Since it opened last year, Mother Wolf, chef Evan Funke’s homage to Roman cooking, was one of the toughest restaurant reservations to get in Los Angeles.
Hollywood power brokers tasked their assistants with logging on to the booking app Resy a week in advance to try to score coveted dinner seats that quickly disappeared. But suddenly anyone can secure a prime-time table, even on the day-of.
The twin strikes by writers and actors puts the kibosh on one of Tinseltown’s time-honored traditions: the working meal. Producer Julia Phillips poked fun at the ritual with the title of her hit 1991 memoir You’ll Never Eat Lunch in This Town Again. Mogul Jeffrey Katzenberg was famous for scheduling back-to-back breakfast meetings at the Beverly Hills Hotel’s Polo Lounge.
But now, with TV and film production all but grinding to a halt, talent agents, entertainment lawyers and other industry players are cutting back on wheeling and dealing over expense account meals. Publicists are telling celebrities not to go out, so they won’t be seen splurging when so many in the business are out of work. Some longtime guests are asking for tables where they can hide in the back. Restaurateurs, some of whom decline to be identified, say they’ve seen steep drops in business as the work stoppages have dragged on. (On Tuesday, the Writers Guild of America said the studios had asked them to discuss resuming talks.)
Jesse Duron, general manager at power lunch stalwart Hamasaku on the west side of LA, says that while his lunch sales saw only a slight decline after the 11,500-member writers guild went on strike in May, they dropped around 30% after the 160,000-strong Screen Actors Guild joined them last month. Overall, the number of seated diners in Los Angeles restaurants has fallen 7% since last year, according to data from OpenTable, more than twice the decline in Washington, DC and San Francisco.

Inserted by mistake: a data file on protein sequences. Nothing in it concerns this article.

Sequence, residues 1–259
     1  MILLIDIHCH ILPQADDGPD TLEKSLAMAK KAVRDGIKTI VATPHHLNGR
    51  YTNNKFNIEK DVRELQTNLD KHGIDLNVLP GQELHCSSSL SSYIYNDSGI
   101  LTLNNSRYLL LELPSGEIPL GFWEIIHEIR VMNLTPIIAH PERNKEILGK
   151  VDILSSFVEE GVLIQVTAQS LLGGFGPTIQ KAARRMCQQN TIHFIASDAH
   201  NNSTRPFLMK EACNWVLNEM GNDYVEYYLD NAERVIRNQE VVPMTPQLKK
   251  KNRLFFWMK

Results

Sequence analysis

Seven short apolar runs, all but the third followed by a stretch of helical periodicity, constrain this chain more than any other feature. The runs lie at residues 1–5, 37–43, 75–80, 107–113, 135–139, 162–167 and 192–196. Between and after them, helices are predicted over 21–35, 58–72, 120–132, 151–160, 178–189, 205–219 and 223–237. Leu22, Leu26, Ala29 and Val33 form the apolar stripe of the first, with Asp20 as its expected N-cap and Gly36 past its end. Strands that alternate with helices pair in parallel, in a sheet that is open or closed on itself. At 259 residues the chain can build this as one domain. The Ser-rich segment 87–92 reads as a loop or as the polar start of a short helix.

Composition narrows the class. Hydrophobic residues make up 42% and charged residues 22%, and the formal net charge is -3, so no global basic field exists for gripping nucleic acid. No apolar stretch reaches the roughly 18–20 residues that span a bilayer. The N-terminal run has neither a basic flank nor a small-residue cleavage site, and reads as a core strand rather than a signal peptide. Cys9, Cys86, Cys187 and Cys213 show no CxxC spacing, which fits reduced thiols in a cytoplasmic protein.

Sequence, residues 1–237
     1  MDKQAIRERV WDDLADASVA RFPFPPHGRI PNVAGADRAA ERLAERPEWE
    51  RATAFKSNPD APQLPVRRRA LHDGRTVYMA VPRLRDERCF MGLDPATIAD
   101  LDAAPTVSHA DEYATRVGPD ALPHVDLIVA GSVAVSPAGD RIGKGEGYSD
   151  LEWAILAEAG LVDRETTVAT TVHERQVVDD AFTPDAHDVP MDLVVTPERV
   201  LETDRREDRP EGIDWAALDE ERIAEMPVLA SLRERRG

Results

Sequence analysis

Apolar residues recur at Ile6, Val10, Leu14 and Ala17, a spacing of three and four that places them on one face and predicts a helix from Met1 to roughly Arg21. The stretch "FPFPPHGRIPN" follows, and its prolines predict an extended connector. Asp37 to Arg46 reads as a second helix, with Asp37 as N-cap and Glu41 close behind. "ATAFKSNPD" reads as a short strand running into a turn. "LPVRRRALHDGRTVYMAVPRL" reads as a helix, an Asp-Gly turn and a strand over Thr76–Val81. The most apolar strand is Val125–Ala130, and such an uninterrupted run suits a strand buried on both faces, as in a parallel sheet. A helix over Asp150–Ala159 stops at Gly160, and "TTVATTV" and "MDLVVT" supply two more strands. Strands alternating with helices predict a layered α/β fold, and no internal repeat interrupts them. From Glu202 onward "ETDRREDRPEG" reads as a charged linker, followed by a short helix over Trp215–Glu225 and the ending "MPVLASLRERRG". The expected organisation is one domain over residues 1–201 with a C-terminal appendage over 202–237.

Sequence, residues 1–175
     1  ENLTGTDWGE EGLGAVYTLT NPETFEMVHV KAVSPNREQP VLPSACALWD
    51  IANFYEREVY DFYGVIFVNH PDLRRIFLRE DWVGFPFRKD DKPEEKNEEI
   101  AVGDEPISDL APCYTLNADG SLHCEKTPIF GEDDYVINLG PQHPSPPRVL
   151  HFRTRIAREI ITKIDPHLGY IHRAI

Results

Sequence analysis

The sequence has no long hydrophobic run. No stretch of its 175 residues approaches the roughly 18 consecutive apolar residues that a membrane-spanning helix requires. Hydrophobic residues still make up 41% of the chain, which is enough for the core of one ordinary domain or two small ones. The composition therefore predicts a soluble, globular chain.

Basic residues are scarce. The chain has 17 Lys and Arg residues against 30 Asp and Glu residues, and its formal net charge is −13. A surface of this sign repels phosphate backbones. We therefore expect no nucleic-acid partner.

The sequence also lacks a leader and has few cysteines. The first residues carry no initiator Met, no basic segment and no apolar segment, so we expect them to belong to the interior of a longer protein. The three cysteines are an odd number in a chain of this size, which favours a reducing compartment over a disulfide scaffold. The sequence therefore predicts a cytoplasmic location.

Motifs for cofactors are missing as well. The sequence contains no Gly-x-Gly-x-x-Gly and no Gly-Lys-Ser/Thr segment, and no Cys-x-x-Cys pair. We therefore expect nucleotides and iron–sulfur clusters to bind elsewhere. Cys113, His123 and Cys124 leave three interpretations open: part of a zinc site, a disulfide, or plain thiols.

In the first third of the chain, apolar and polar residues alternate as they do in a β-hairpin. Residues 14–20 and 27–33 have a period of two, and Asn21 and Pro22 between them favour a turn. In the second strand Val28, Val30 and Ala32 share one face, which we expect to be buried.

“Dining out for work has gone down a lot,” says talent manager Henry Huang, a partner at Heroes and Villains Entertainment, a film and TV management and production company. He notes that industry friends have had their dining budgets suspended, so people are meeting over coffee instead.
Guild members aren’t allowed to conduct business with the studios they are striking against.
“There’s no lunch that is worth me going against my union,” says Jonathan Sadowski, an actor who has appeared in films such as Live Free or Die Hard and Friday the 13th.
Prohibitions on actors promoting their films and TV shows while on strike mean a whole host of cocktail parties, lunches and other events that would have been scheduled around Hollywood’s awards season will also likely halt. A spokesperson for Craft LA, Tom Colicchio’s restaurant just a short walk from top talent firm Creative Artists Agency in the Century City neighborhood, reports “that some annual events that would typically book at Craft LA around this time are not booking due to the strike.”
“The strikes are definitely really hurting restaurants in LA, everyone is feeling it,” says Suzanne Goin, chef and co-owner of the Lucques Group, which includes the popular wine bar A.O.C., with outposts in West Hollywood and Brentwood. “I would say we are 35-40% down from normal business.”
The shortfall comes as restaurants continue to crawl back from pandemic-related closures and restrictions. “Margins are very thin, and so we need business to be strong to keep the revenues up to make all the numbers work … it’s not good,” says Goin about the timing of the strikes. Top Chef alum Shirley Chung, whose modern Chinese American restaurant Ms. Chi Cafe is located steps from Amazon and Apple offices in Culver City, says she’s been forced to cut some employees’ salaries.
Restaurant suppliers are equally pinched. Patti Röckenwagner, co-owner of the namesake European bakery that counts over 300 restaurant around the city as clients, says her business has fallen and staff is bracing for worse as the strikes linger.
“Internally, we have started calling fall the new Game of Thrones winter,” she says.